A Guide To Help You Have More Fun At Your Piano
History and overview:
“Let It Be” is one of the most iconic rock ballads of all time. As with most of The Beatles’ later songs, whoever wrote the song sang the lead vocal, and in this case it was Paul McCartney.
McCartney composed the song after his mother, Mary, appeared to him in a dream and reassured him about his life. (You can watch him recount this event on the Carpool Karaoke video I’ve linked to below.). In my opinion, McCartney must have known that the lyric “mother Mary” would also be interpreted to have religious overtones, especially since he titled one of his earlier songs “Lady Madonna.”
The album that “Let It Be” appeared on, also called Let It Be, was actually a collection of barely-finished songs that the Beatles has recorded but not released by the time they broke up in 1970. After they recorded their last masterpiece album, Abbey Road, they disbanded and left it up to their producers and engineers to sift through hundreds of hours of tape recordings to find anything that could be usable and suited for release. “Let It Be” was one of the recordings they found.
Musically, The Beatles’ recording of the song features the now-standard style of piano ballad accompaniment from McCartney, a melodic guitar solo by George Harrison, and some very subtle drum and cymbal work from Ringo Starr. In addition, Billy Preston’s organ playing manages to sound both bluesy and traditionally “churchy” at the same time. It’s worth studying how beautifully the arrangement builds up as it unfolds.
Here are some recommended recordings/videos:
(for international readers who may not have access to these YouTube links, I’ve indicated the original album names wherever possible so you can listen to them on music streaming services, etc.)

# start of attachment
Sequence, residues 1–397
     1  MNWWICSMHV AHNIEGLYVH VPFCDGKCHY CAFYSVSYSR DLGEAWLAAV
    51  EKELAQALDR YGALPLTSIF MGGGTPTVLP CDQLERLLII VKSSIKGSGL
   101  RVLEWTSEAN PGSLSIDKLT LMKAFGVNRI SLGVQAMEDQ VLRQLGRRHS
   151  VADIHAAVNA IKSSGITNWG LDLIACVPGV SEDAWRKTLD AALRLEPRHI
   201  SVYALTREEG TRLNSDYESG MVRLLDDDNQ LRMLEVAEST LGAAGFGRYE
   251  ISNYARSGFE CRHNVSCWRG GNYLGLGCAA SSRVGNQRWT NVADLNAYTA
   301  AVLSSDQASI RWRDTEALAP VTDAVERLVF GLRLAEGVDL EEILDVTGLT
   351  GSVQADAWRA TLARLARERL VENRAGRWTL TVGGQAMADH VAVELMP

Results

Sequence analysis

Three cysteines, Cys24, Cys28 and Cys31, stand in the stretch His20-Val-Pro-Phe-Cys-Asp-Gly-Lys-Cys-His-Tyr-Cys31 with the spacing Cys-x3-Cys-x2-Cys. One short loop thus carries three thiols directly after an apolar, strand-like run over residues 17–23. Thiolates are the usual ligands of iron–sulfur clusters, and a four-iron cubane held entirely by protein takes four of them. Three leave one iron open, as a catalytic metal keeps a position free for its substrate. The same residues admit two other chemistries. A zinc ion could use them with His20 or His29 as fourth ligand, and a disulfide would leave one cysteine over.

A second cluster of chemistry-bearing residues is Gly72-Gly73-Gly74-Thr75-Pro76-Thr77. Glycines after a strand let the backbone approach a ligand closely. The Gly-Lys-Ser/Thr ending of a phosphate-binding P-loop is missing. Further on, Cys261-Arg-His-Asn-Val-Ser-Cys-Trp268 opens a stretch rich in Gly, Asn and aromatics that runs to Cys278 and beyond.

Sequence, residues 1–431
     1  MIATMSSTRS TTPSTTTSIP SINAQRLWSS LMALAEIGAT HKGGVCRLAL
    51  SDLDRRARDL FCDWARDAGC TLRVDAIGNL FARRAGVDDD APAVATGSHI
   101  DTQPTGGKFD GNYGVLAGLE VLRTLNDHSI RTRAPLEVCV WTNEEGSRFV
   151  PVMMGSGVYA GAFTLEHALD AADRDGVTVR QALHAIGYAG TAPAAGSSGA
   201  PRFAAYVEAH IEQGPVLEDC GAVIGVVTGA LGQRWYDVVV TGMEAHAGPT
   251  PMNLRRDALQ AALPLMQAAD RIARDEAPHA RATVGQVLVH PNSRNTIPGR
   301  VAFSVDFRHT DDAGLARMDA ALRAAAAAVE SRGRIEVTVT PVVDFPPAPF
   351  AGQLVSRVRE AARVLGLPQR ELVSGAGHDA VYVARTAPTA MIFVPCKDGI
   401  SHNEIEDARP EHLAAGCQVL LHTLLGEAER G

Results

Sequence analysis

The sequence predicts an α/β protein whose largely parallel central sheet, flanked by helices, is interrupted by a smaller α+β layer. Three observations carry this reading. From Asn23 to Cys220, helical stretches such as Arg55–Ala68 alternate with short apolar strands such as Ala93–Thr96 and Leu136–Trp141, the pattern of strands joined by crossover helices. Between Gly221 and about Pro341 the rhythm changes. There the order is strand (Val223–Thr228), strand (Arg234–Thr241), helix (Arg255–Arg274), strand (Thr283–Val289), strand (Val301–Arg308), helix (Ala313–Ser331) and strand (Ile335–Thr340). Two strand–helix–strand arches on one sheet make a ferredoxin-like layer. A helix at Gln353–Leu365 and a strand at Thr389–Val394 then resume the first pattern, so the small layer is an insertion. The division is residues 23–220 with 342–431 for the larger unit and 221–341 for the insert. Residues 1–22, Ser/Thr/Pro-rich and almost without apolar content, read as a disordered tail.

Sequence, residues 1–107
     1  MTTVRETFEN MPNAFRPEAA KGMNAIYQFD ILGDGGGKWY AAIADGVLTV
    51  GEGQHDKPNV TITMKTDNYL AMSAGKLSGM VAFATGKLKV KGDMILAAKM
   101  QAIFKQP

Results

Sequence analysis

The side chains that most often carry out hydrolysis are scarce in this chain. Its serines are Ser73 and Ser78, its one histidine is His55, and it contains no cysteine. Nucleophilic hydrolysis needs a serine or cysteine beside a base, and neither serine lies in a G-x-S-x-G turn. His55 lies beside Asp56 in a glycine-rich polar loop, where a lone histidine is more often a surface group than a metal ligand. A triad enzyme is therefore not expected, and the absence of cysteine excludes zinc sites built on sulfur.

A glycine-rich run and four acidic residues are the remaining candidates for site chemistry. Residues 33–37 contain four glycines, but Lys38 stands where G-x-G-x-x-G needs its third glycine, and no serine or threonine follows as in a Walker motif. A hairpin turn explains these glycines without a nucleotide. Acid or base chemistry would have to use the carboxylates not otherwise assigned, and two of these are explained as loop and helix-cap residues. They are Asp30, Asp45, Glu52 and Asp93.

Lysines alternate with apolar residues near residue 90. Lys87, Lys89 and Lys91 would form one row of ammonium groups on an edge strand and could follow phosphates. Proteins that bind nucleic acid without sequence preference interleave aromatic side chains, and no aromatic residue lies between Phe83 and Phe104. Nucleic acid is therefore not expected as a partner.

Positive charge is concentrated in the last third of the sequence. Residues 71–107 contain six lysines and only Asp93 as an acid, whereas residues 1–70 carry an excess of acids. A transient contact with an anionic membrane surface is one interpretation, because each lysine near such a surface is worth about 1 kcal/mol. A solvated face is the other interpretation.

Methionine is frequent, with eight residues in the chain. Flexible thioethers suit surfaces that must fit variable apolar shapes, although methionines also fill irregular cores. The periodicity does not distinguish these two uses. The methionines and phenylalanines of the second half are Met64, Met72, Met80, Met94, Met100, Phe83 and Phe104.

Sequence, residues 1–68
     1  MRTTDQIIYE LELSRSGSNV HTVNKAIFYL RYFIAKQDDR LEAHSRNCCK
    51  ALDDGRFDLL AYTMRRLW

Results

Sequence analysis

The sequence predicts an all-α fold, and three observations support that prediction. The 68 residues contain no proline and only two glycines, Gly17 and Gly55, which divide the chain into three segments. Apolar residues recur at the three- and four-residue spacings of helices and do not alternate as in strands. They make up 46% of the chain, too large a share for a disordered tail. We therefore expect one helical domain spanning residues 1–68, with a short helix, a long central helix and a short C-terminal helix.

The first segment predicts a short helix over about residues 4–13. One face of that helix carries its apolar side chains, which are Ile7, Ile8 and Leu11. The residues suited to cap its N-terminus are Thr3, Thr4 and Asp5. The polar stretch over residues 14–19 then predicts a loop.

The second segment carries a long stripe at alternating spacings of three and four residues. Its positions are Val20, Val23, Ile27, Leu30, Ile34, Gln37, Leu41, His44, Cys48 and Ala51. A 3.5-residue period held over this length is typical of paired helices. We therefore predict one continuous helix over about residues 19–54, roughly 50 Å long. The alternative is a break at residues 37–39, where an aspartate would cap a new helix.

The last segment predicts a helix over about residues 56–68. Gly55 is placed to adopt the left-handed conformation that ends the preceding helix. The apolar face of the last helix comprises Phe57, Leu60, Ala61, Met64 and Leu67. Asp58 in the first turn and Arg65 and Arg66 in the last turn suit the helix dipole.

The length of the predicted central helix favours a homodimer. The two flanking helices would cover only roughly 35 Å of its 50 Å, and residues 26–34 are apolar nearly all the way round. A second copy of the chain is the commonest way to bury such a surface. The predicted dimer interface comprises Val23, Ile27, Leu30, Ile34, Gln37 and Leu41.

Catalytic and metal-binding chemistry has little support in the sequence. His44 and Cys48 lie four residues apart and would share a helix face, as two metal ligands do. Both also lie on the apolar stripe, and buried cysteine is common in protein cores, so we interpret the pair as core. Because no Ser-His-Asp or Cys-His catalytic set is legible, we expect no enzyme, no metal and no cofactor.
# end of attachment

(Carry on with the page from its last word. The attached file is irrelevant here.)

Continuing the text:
The Beatles: Let It Be (Remastered 2009)
The Beatles: Let It Be (Video)
Listen to how simple the piano chords are at the beginning of this arrangement. They allow it to build more effectively later on towards the middle and ending.
Alicia Keys and John Legend: (Tribute To The Beatles, 2014)
Musical ideas and piano improv practice tips:
Along with their recording of “Hey Jude,” the Beatles’ version of “Let It Be” practically defined the modern pop/rock piano ballad sound. There’s something very compelling about the insistent rhythm of quarter and eighth-note right hand chords that Paul McCartney played, and it’s become more and more influential over the years. Despite this, the song itself is extremely versatile and this means that we pianists can have a lot of fun with the textural possibilities of “Let It Be.”
One way to start exploring this concept is to begin playing the song the same way that Paul McCartney played it, as a standard rock ballad with quarter and eighth-note chords. Then after a while, lighten up the feel with some guitar fingerstyle-type arpeggios between your hands, for a more folk-like musical style. Then, take it in the other direction by ”digging in” more and bringing in a gospel influence.
There are other possibilities as well, such as totally “rocking out” or even going in a classical direction. Ask yourself “How would Beethoven or Chopin have played Let It Be?” and then give it a try. This method isn’t as far out as you may think, since The Beatles themselves did it on songs like “In My Life” (Bach/Mozart) and “Because” (inspired by Beethoven’s Moonlight Sonata). Start out by playing the song’s melody and chords until you’re comfortable, and then “go for it.” The sky[s the limit!
Here’s a video I made that uses some of these interpretive ideas.
Let It Be: Complete Beatles Piano #2
Enjoy the journey, and “let the music flow!”
Further links and resources:
Paul McCartney Carpool Karaoke
Check out the wonderful segment in this where McCartney recounts the inspiration for Let It Be. It begins at 5:12 on the video.
A fun Beatles story you’ve never heard before
How to really learn to play piano from chords
Take a Free Piano Improv Lesson
Flowing Water ebook: Play piano with more joy and less stress!
Improvising The Beatles: A 10-week Skype Intensive for Pianists
Introduction Table of Contents